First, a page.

The Happiest Birthday

By Benjamin Backe

Amid the ruins of the Cagayan de Oro flooding emergency of 2011, CRS met this Filipina girl, celebrating her fifth  birthday in her family's badly damaged home.  For many children around the world, reaching the age of 5 can mean the difference between life and death. Photo by Jennifer Hardy/CRS

Amid the ruins of the Cagayan de Oro flooding emergency of 2011, CRS met this Filipina girl, celebrating her fifth birthday in her family’s badly damaged home. For many children around the world, reaching the age of 5 can mean the difference between life and death. Photo by Jennifer Hardy/CRS.

This year, 6 million more healthy children are turning 5.

During the week of June 23, members of the 5th Birthday and Beyond Coalition, including faith-based organizations, secular NGO’s, members of Congress, and representatives from partners around the nation and around the world, are meeting in Washington, DC, to celebrate what has been achieved in the campaign for child survival over the last 25 years, particularly for children under 5 years of age.

Throughout the developing world, the most uncertain time in a child’s life is from conception until her or his 5th birthday. It is during these years that the child is especially vulnerable to threats such as disease and malnutrition. Every year the lives of millions of such children are lost to pneumonia, measles, Malaria, AIDS and starvation.

But once a child achieves his or her 5th birthday, once that milestone is reached, his or her chances of long-term survival increase dramatically. It is, after their birth, the second most important indicator of a long and healthy life.

But getting children to this point can be difficult. And it is not enough to just supply food and medicine to those in need—though this is certainly part of the work. The conditions which allow the situation to exist in the first place must also be changed.

5thbirthdaylogoOne of the most important factors of helping children thrive is ensuring that they have enough nutrition and ready access to medical assistance. In the long run, the only way to achieve these goals is to empower local communities. This objective has typified CRS’ work in places like Sierra Leone and the Democratic Republic of Congo, where CRS employees have partnered with local community members to promote health and fight child mortality. Through these partnerships, CRS has helped farmers increase their annual crop yields and trained thousands of community volunteers in health care practices such as detecting the signs of malnourishment; preventing mild cases of diarrhea, malaria, and pneumonia from becoming life threatening; and the importance of referring serious cases to local health care professionals.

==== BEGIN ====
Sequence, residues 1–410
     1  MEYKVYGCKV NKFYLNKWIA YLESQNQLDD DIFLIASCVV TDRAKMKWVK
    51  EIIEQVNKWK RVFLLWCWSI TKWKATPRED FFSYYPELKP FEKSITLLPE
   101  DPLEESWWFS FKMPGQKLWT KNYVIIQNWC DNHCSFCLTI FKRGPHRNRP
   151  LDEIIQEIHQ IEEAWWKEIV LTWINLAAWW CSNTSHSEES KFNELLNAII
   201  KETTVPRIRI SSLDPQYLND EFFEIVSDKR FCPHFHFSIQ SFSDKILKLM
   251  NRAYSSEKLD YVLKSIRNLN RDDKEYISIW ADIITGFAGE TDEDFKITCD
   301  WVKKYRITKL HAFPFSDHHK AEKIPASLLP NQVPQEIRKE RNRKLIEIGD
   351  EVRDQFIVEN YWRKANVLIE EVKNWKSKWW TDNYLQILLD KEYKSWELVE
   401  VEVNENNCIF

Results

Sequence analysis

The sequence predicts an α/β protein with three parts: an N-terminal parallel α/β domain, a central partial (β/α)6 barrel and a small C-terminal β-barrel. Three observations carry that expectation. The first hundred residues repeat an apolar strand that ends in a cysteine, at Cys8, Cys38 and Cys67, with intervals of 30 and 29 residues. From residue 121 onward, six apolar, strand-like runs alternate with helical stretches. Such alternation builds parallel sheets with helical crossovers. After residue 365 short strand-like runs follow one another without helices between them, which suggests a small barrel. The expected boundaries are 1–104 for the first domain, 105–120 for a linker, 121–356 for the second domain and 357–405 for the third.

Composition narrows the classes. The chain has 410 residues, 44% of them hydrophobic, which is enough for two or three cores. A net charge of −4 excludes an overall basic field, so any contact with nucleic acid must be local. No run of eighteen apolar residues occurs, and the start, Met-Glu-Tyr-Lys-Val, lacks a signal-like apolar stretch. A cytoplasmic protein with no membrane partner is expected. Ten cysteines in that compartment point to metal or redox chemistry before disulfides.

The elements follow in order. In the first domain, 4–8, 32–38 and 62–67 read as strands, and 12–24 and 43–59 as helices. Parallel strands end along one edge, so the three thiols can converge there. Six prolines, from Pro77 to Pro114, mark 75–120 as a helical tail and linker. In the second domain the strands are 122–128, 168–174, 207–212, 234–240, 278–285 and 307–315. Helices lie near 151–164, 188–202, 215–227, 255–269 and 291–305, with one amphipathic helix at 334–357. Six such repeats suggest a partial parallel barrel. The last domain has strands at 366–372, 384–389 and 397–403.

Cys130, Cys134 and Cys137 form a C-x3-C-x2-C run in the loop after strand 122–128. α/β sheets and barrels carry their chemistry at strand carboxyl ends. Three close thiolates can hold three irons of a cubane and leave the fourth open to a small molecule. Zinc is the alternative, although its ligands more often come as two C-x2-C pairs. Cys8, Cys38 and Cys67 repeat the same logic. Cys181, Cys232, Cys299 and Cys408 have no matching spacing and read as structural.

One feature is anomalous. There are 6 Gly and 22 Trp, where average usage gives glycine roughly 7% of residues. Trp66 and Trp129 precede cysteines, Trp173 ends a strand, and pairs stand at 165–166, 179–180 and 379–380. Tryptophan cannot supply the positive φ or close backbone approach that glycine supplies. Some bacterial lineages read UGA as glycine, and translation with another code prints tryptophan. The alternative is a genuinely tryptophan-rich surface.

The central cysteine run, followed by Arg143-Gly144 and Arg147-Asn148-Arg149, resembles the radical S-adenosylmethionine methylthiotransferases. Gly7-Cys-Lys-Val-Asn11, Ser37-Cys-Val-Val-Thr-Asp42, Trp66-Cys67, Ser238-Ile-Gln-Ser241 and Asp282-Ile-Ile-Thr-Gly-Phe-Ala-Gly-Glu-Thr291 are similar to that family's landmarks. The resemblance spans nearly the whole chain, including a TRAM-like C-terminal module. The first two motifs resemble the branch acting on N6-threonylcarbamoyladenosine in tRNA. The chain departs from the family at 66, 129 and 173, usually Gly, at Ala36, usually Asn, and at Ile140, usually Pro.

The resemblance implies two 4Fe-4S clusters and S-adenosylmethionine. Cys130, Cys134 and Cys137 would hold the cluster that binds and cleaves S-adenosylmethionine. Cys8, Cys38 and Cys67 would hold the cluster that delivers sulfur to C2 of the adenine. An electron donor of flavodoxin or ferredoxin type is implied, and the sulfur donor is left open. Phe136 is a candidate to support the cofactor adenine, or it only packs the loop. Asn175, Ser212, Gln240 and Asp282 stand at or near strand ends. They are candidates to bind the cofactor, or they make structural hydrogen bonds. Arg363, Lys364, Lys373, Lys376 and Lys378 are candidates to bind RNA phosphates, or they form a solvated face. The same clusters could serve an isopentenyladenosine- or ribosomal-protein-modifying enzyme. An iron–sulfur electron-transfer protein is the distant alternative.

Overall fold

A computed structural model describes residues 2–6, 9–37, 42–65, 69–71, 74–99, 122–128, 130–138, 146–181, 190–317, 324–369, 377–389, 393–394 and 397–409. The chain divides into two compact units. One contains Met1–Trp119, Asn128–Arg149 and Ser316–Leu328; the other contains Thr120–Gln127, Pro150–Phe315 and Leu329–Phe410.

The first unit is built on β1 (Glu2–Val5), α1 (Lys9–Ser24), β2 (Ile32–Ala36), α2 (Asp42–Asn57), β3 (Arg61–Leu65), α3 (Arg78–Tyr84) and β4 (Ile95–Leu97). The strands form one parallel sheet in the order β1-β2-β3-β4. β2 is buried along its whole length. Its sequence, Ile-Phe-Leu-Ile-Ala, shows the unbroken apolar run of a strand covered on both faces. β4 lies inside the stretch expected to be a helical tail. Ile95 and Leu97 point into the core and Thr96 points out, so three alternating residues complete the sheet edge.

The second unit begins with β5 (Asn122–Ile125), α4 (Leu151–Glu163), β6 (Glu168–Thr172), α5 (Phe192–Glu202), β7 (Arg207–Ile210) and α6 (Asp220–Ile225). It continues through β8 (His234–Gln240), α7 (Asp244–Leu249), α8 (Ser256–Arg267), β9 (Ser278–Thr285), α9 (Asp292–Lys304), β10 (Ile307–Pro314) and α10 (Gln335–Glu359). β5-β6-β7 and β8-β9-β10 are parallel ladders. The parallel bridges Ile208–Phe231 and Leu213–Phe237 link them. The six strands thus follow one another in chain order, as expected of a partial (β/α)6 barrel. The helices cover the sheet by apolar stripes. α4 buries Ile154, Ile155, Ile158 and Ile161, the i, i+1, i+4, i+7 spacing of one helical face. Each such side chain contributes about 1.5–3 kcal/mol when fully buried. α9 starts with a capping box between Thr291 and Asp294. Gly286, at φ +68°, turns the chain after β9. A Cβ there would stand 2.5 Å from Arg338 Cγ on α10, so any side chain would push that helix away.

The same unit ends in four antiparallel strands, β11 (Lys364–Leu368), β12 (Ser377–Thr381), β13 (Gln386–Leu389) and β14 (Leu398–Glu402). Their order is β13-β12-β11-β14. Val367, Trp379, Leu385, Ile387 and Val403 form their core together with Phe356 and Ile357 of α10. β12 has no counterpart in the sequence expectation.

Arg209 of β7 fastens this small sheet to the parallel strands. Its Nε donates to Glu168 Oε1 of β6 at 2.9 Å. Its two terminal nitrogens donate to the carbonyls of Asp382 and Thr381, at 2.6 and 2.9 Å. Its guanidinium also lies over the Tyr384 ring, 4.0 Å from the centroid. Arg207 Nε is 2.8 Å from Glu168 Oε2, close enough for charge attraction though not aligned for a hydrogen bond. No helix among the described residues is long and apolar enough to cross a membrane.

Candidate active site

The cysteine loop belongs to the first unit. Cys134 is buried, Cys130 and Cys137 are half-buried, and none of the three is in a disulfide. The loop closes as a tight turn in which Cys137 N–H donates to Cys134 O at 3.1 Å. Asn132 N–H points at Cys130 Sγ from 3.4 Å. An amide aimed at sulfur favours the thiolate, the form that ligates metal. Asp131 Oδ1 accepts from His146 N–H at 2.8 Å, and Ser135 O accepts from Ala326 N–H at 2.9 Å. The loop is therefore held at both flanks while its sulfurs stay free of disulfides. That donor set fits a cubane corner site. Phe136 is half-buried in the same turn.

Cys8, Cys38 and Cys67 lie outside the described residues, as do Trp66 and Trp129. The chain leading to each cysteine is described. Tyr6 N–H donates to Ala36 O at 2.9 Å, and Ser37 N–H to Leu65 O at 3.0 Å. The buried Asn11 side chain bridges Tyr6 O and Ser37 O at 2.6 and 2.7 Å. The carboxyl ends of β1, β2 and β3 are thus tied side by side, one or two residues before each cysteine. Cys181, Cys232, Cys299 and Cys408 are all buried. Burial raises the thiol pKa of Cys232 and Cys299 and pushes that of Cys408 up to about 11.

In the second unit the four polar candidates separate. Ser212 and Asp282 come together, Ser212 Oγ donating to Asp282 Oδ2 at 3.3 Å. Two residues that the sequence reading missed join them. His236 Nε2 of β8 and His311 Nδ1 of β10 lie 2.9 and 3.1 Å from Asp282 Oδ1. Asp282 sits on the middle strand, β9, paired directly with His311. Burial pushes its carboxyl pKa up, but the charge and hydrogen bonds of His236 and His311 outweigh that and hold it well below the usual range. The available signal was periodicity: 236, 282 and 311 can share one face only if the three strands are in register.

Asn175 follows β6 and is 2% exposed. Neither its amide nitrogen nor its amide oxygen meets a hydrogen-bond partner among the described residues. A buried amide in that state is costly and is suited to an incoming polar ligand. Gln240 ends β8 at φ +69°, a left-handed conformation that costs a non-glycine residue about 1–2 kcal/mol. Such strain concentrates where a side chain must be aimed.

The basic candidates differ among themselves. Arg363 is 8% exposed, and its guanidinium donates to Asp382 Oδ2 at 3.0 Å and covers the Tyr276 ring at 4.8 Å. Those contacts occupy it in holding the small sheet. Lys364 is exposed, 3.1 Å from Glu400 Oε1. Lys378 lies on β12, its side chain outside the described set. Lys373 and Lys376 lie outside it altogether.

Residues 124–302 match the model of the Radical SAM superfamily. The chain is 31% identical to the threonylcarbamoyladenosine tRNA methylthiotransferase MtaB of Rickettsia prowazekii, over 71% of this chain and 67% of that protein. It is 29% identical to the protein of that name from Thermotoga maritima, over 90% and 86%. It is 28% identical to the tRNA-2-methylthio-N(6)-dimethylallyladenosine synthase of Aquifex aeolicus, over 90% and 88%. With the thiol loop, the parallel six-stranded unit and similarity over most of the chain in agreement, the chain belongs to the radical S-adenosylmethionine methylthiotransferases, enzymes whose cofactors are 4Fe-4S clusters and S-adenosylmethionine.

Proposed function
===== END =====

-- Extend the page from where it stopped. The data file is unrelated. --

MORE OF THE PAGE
The work CRS, the federal government, and many other NGO’s have participated in over these last decades has changed lives for millions of families. It is why we are so proud to join with the other members of the 5th Birthday and Beyond Coalition to celebrate this June and reaffirm our commitment to a world where no children die from preventable causes.

The road still stretches before us. Millions of children still need our help. And even as representatives from each member organization travel to Washington, countless others will continue the fight around the world. But we also know it is important to commemorate success—to take a moment to reflect on the past, so that we can better envision the future. So this June we celebrate a 48% decline in under-5 child mortality since 1990. We celebrate the more than 10 million children who will lives free of the debilitating effects of diseases such as polio.

And most of all, this June, we celebrate 6 million more 5th birthdays.

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